KEY POINTS

  • India's cryptocurrency bill to be introduced in winter session of parliament 
  • India looking to introduce central bank digital currency 
  • New Delhi fears unregulated crypto markets pose serious national security issues

(This article was first published on Nov. 29, 2021)

India is gearing up to introduce a bill in parliament this winter, which will seek to regulate cryptocurrencies. Not much is known of the bill but it is expected to outline steps to bring to reality India's interest in exploring its own CBDC or government-backed digital currency, and also bar all major cryptocurrencies in the country amid fears of them being used for money laundering and terror financing. 

Prime Minister Narendra Modi, while addressing a conference in Delhi last week, had urged nations to come together and ensure secure crypto transactions.

Reserve Bank of India Governor Shaktikanta Das has also reiterated similar fears, discussing how unregulated crypto assets could seriously hamper the centralized financial infrastructure of India. 

But more than any question about financial regulation and control, it is India's worries that unregulated crypto networks could lead to increased terror financing that could swing the government's regulatory stick over cryptos. 

India has been a victim of terrorism for decades. Terror attacks still occur regularly in the part of Kashmir that is controlled by India, and New Delhi says the terrorists are supported and funded by Pakistan. Terror organizations of various hues are active across India, from its northeastern border with China and Myanmar to the southern states where radical left terror groups regularly fight with police and paramilitary forces.

Narendra Modi's government is looking into measures to regulate cryptocurrencies Narendra Modi's government is looking into measures to regulate cryptocurrencies Photo: PIB via AFP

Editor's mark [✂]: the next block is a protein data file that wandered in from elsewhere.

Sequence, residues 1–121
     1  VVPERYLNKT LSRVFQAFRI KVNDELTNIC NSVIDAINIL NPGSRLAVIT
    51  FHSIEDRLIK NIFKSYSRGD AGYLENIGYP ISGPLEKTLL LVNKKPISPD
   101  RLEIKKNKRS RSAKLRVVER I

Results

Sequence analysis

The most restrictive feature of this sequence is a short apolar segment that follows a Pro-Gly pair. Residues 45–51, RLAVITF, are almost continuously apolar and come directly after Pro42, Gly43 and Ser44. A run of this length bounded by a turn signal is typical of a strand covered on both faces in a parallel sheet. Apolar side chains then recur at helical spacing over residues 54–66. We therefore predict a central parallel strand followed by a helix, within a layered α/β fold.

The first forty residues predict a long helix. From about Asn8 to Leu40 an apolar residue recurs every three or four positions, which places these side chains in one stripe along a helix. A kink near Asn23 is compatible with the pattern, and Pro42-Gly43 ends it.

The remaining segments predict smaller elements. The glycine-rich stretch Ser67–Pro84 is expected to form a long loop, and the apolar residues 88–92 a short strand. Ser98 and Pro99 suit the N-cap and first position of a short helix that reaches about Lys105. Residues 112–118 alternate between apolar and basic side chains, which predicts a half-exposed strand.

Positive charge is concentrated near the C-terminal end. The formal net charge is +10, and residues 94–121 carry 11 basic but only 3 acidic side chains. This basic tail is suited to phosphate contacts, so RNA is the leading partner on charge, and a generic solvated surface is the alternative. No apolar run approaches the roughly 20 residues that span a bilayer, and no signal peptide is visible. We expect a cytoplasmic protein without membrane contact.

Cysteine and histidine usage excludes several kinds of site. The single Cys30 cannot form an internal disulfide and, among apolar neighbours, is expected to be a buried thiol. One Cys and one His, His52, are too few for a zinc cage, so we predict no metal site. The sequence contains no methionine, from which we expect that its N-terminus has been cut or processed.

Several federal agencies with roles in controlling the drugs trade, money laundering and busting terror networks, like for instance the Narcotics Control Bureau and  National Investigation Agency (NIA), have already said the anonymity factor associated with cryptocurrency is the biggest threat to the security of India. 

The thinking in New Delhi is that crypto, being decentralized, can be used as a medium to fuel illegal activity, which if left unregulated, can pose a serious threat to the country's national security. 

That anonymity now makes it almost impossible to know the complete chain of transactions and persons involved in case of any suspicious transaction. There is no unified cryptocurrency exchange and no one knows who regulates it and stores all the data. Companies that deal with cryptocurrencies also have limited access and information about users and transactions through KYC. 

Earlier this year, the RBI had backed the government's decision to ban cryptocurrencies stating that the currencies are sovereign and cannot be assigned to any individual. The central bank had also expressed its concerns over volatile crypto pricing and the way that it might impact the Indian economy. 

While speaking at a joint special meeting on Terrorist Financing Threats and Trends and implementing Security Council Resolution 2462 on Nov. 18, the first secretary in India's permanent mission to UN, Rajesh Parihar, urged the other member nations to impose strict regulations on crypto and regulate cryptocurrencies in a way that does not promote terrorism. 

"Misuse of blockchain technology, virtual/cryptocurrencies, digital crowdsourcing, prepaid phone cards, etc., have posed new risks to combating the financing of terrorism (CFT) efforts. The proliferation of fake charities and fake non-profit organizations during the COVID pandemic has further exacerbated this risk," Parihar said.

"An effective multilateral approach to CFT, built on PPP to identify and mitigate new terror-financing risks, strengthening support to financial watchdogs such as FATF to ensure that member states bring their counter-financing structures at par with international standards are needs of the hour today," he added.

While India may consider banning all cryptocurrencies citing security concerns, the country is also exploring potential ways to introduce its digital currency backed by the central government. The bill, which is slated to be tabled in parliament on Nov. 29, outlines the government's idea" to create a facilitative framework for the creation of the official digital currency to be issued by the Reserve Bank of India."

The world's most popular cryptocurrency Bitcoin surged to a historic high of $68,513 The world's most popular cryptocurrency Bitcoin surged to a historic high of $68,513 Photo: Array / Ozan KOSE